Rethinking the Linux Distribution
Subject:   requirements first (2)
Date:   2007-05-14 09:16:59
From:   georgebelotsky
Response to: requirements first (2)

Excellent question. To start with the simplest observation, the traditional OS component does remain -- you need a kernel, for example, on both the client and the server.

Of course, your question goes deeper than this. Extending the traditional view, the browser together with the server is the platform ("virtual" hardware, if you will) to which the the Web OS provides the interface. For example, imagine some sort of an evolved JavaScript library, together with a content management system. Note that this is early extrapolation from today's technology; the fully mature implementation may use different components.

It is possible, however, to go even further. Consider the Web OS as an interface between the user, the application code, and the user's data. Regardless of where each component of the application runs, where the user is, and where the data resides, the Web OS can tie all of them together.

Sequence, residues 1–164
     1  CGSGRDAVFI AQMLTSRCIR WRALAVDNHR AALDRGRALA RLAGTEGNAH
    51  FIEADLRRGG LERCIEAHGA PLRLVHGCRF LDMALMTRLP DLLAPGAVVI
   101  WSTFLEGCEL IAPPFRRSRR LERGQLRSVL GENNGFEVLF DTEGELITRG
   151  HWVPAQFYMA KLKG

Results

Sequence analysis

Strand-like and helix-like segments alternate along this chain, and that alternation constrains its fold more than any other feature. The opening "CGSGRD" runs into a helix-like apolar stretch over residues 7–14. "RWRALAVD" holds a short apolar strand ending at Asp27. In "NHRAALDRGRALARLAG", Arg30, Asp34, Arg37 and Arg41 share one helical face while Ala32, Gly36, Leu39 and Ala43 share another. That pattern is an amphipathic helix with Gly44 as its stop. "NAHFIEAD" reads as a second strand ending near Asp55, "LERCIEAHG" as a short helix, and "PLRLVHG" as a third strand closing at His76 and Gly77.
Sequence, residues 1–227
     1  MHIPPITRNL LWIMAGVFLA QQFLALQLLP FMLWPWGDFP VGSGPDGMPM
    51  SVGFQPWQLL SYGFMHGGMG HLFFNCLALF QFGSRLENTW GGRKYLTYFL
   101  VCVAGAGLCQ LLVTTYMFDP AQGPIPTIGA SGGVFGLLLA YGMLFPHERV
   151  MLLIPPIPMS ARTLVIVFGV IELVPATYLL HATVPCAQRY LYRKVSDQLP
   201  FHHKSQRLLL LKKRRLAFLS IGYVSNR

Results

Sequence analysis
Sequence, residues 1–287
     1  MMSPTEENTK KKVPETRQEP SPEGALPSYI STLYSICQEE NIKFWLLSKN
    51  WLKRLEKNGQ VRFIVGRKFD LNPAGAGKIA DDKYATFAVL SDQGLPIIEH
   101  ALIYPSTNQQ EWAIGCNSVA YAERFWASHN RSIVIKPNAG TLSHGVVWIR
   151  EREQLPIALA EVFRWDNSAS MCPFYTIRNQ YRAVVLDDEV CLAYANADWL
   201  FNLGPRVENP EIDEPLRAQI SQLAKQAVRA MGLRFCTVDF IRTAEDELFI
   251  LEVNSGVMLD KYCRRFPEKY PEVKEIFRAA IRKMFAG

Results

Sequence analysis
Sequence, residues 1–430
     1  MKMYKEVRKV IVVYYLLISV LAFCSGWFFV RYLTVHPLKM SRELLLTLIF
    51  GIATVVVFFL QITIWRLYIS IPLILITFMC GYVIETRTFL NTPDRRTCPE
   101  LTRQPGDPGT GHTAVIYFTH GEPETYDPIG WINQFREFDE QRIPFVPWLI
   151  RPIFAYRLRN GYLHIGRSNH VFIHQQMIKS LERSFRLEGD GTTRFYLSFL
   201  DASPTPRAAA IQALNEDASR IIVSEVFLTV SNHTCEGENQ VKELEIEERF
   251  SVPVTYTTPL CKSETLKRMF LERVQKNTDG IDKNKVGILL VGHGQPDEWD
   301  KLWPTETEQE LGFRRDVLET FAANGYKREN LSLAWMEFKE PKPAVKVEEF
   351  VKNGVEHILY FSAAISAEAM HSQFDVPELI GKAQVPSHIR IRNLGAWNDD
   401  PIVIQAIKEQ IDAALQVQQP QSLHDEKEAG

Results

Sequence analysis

It is important to realize that both the current PC-centric and the older mainframe-centric way of deploying applications have their advantages. Also, subscribing to a monthly service is the best approach in some cases; in others, it is better to manage software locally. What the free Web OS would offer is the ability to mix-and-match all of these models -- component-by-component, vendor-by-vendor, user-by-user, and situation-by-situation.

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